Where Category 5e, 6, and 7 metallic cable transmits data by way of
electrons, fiber-optic cable uses light. The cable used for this
purpose is made up of glass or plastic fibers surrounded by layers of
various materials that serve to protect them from harm.
optics transmit data in the form of light particles -- or photons --
that pulse through a fiber optic cable. The glass fiber core and the
cladding each have a different refractive index that bends incoming
light at a certain angle. When light signals are sent through the
fiber optic cable, they reflect off the core and cladding in a series
of zig-zag bounces, adhering to a process called total internal
reflection” (fiber optics, TechTarget, http://bit.ly/2WNAaFJ).
cable is ideal for long-distant signal transmission applications.
This is because light will carry data for much longer distances
without the usual signal degradation so typical of metallic cable.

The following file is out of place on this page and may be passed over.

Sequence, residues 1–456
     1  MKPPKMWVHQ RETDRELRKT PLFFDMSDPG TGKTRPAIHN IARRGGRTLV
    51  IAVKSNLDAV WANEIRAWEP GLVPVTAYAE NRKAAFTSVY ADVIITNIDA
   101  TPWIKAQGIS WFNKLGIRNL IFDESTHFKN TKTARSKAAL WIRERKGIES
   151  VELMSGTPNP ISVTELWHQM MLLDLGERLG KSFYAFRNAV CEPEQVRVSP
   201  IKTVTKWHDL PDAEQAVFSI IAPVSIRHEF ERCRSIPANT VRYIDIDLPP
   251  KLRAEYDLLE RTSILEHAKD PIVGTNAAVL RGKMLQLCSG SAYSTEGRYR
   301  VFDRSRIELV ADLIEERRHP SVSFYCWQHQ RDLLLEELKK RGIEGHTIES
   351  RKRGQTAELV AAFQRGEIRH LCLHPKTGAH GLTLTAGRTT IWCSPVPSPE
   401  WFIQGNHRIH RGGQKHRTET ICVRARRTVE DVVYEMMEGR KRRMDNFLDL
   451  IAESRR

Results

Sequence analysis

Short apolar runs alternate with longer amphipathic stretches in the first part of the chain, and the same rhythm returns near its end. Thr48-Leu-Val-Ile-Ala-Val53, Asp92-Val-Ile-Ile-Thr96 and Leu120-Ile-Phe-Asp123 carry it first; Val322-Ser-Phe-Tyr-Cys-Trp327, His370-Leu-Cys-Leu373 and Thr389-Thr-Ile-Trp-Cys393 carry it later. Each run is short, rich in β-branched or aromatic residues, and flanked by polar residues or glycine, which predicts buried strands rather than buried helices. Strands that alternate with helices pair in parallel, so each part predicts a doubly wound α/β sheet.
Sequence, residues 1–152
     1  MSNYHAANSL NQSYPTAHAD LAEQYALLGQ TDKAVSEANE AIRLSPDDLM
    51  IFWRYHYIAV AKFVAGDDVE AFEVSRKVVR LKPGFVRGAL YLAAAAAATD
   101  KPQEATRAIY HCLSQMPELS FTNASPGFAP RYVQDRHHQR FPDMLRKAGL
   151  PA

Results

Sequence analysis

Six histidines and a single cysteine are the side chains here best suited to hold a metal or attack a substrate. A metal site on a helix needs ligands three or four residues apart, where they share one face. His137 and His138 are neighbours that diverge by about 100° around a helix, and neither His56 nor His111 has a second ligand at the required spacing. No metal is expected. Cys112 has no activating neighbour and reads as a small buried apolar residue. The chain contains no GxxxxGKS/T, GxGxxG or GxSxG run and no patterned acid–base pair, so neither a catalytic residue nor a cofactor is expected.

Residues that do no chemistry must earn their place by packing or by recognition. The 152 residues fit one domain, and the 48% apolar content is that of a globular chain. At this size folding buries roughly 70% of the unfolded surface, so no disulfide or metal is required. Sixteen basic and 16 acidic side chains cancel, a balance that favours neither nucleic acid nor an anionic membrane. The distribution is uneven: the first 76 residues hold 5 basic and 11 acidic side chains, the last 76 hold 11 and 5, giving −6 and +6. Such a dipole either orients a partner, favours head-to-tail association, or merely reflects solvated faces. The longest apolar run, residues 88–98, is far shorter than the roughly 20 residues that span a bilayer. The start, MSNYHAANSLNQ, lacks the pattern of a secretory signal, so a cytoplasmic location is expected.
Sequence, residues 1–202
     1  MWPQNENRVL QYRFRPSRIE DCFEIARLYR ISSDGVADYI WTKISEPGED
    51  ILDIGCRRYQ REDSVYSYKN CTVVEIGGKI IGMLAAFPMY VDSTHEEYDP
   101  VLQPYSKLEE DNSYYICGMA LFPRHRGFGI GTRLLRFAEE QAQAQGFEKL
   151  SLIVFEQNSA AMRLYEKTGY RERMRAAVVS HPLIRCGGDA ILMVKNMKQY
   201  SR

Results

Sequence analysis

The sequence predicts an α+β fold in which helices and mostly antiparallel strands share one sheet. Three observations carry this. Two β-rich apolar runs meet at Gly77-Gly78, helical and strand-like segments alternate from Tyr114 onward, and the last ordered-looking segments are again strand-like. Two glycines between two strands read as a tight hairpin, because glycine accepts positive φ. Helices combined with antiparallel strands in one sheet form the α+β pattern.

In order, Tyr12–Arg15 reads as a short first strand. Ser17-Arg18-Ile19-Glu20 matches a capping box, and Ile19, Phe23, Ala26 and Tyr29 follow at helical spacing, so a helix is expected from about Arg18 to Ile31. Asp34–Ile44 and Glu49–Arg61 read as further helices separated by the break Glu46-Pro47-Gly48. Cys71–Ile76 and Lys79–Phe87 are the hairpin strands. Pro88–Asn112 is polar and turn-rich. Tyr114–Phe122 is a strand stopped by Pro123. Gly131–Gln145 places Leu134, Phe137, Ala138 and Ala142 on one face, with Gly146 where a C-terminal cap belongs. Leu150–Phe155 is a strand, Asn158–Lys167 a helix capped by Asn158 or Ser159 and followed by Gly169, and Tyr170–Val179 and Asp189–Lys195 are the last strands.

The only problem, most of the time this data starts out over metallic
cable and it must be converted to light for use with fiber-optic
cable. The question is, how do we go from metallic cable to fiber and
To make this
conversion possible, a fiber adapter is necessary. This device will
extend the effective transmission distance from the customary 328
feet to more than 3,000 feet. This application is ideal when
connecting a remote workstation to a wired hub or switch in a
In this case
the modular plug installed on the end of a metallic UTP (Unshielded
Twisted Pair) cable is simply inserted into an adapter at the one end
of the circuit and the opposing end is inserted into another adapter
at the other end. There are conversion devices also available that
make the metallic to fiber conversion at a wired hub or switch. The
100Base-FX standard, for example, uses fiber-optical cable to extend
the transmission distance up to 1.2 miles. Compare this to the usual
328 feet limitation of metallic 100Base-T.
stations are wired in a star configuration to a repeater or central
concentrator using SC, ST or MIC connectors. See Ethernet and
fiber converters also are built for speed and convenience. For
example, according to Interlogix, the firm’s IFS DE7200M series
10/100 Mbps Ethernet Mini 2-Port Media Converter will function as a
10 Mbps Ethernet link, or as a 100 Mbps Ethernet link without any
We’ll cover fiber conversion in greater detail in a subsequent blog post here on the Cables.com blog.